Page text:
Move over, ant farms -- ant hospitals are where the real action is. Scientists studying the behavior of African Matabele ants in Ivory Coast have found that the insects act like paramedics in a crisis, triaging and treating the wounds of their injured peers.
The discovery, described in the Proceedings of the Royal Society B, documents a surprisingly sophisticated system that helps determine which ants are most likely to survive a combat injury.
Ants are often thought to live in systems where the life or death of an individual worker doesn't matter much. That's because many ant species live in giant colonies whose workers usually have very short life spans relative to the queen, and because the queen can lay eggs for new workers at a fast rate.
"The benefit from helping injured ants in this scenario is small, because replacing them should be easier," the scientists wrote. "At the same time, if injuries were mainly fatal, the benefit of a rescue behavior focused on injured individuals would again be marginal."
That's not the case for ants such as Megaponera analis, which venture out in raiding parties of 200 to 600 individuals, attack termites and carry their unfortunate prey back home. The hard-headed termites don't go without a fight, though. Many invading ants lose legs or end up with termite mandibles dug into their bodies.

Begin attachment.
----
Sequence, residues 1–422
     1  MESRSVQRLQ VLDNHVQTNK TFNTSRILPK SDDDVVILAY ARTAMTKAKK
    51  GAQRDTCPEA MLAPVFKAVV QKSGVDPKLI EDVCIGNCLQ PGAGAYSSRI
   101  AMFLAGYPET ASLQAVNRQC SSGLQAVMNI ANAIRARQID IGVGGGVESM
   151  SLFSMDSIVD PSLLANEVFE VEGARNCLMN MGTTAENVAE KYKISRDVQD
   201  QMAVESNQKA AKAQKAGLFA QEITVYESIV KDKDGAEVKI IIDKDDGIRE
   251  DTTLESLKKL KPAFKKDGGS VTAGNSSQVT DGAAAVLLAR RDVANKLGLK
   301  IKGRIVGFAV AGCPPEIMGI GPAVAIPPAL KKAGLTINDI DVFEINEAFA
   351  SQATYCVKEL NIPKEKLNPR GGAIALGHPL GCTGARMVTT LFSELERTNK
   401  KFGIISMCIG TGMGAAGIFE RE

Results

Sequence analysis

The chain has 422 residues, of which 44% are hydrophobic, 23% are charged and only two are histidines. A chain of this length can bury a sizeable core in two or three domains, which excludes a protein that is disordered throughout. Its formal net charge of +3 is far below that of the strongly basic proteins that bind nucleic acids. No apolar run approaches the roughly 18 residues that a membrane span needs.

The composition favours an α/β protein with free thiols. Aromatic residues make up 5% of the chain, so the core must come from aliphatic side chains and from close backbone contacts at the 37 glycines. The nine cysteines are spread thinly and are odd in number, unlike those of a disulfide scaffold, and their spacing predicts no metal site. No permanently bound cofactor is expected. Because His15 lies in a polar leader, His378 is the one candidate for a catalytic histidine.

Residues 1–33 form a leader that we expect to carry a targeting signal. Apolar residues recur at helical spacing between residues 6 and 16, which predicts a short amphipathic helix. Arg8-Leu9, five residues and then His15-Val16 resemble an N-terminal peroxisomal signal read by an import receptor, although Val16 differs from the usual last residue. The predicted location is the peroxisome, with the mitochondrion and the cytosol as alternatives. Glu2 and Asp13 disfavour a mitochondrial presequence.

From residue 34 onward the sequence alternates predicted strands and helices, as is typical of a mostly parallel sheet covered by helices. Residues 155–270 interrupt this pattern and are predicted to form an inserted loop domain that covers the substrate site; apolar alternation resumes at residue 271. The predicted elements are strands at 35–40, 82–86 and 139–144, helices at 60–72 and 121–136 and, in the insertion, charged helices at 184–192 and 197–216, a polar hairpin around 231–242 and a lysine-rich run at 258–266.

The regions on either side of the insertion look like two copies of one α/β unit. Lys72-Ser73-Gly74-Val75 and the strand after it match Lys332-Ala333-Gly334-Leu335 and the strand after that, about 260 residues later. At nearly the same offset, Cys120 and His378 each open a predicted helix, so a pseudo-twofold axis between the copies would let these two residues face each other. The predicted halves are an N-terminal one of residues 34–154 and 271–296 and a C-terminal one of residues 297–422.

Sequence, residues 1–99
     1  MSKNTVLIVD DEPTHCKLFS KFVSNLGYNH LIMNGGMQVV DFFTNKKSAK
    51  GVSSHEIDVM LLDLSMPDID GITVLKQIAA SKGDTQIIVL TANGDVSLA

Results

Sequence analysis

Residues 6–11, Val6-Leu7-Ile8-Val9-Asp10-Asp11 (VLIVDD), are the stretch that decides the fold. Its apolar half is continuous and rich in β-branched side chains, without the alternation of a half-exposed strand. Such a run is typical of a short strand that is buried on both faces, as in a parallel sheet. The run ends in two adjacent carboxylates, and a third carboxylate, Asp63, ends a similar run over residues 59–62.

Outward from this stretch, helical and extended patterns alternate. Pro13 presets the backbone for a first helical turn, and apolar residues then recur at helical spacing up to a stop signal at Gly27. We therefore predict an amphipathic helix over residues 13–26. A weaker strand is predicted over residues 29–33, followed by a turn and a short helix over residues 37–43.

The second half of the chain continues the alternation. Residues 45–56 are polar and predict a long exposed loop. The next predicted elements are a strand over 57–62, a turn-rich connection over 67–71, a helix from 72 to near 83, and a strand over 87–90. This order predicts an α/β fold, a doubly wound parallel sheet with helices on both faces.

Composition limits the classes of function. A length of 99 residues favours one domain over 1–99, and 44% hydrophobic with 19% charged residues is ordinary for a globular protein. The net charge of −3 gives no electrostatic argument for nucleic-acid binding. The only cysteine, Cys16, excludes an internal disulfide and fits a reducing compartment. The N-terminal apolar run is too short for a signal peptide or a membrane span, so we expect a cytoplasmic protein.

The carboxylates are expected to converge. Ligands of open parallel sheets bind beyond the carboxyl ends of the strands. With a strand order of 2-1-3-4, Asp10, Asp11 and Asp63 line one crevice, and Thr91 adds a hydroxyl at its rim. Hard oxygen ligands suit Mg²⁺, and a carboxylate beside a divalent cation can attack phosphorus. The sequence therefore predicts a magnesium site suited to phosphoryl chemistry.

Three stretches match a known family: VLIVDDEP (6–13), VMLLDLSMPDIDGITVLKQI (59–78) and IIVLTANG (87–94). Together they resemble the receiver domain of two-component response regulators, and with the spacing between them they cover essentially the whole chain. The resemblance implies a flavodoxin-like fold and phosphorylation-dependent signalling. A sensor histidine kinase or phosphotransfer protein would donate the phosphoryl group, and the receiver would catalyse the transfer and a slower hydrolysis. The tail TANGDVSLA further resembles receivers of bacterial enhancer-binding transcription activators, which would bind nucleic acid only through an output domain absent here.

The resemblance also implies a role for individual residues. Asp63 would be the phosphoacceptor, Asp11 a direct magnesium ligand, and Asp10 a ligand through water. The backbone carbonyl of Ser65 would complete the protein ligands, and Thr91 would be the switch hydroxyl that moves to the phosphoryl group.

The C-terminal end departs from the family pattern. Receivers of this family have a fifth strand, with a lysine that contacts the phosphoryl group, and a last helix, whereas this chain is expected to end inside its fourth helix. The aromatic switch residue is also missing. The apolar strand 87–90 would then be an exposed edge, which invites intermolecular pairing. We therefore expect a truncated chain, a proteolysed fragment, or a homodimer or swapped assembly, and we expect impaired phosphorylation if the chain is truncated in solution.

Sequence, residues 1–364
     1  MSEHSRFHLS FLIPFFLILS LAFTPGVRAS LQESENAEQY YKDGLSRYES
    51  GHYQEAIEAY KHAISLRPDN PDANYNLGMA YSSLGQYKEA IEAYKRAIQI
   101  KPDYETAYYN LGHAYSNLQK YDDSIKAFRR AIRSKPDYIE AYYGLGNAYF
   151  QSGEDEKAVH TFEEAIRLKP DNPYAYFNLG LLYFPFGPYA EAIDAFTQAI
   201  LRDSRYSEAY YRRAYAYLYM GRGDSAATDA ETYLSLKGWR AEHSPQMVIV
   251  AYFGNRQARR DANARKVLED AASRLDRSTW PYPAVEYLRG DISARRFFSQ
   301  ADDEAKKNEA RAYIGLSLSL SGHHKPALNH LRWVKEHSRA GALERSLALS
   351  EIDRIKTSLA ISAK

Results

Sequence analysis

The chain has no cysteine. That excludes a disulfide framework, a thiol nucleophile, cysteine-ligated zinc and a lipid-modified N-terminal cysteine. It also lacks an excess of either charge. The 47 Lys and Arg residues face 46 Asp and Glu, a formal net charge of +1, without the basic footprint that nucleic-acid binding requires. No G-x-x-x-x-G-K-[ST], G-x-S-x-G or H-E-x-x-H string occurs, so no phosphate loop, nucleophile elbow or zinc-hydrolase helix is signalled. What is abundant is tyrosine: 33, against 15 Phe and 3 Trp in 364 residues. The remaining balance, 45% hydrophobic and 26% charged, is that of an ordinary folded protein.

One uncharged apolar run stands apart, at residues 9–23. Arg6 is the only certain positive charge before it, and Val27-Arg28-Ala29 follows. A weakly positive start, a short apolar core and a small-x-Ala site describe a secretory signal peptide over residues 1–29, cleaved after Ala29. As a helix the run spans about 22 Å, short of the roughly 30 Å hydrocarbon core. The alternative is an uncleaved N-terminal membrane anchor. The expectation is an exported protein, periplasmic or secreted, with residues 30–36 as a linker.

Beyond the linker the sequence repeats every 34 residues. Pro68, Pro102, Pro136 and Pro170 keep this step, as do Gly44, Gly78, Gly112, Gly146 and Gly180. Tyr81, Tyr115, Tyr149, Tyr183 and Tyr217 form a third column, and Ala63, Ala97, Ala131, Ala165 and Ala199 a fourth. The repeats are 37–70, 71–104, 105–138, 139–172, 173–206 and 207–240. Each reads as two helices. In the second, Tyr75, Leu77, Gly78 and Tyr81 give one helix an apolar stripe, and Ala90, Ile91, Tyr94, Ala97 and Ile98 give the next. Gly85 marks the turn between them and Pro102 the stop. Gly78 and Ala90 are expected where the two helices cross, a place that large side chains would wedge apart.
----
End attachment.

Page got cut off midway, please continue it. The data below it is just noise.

Surprisingly, the returning ants don't abandon all their casualties: Before returning home they look for their injured comrades, which send out a "distress signal" pheromone. Within 24 hours of being taken back to the nest and treated, maimed ants can switch to a four-legged or five-legged gait that lets them run almost as fast as their six-legged peers.
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Because these injured ants can still do almost the same things as their healthy peers, it makes sense to bring them home and treat them -- especially since roughly a third of the small-sized ants that run these termite raids have lost a leg at some point in their life.
Gravely injured peers are usually left behind. And open wounds from severed legs could easily become infected and spread disease in the ant nest, given that there's a lot of interaction and very low diversity within a single colony.
So for this paper, scientists from Universitat Wurzburg in Bavaria, Germany, wanted to learn how the ants providing medical aid make decisions about which wounded ants to save -- or whether it's their decision to make at all.
"While the benefit for the colony of leaving behind fatally injured ants is clear, the mechanism that regulates this behavior remains unknown: is the decision to rescue made by the helper or the fatally injured ant?" the study authors wrote.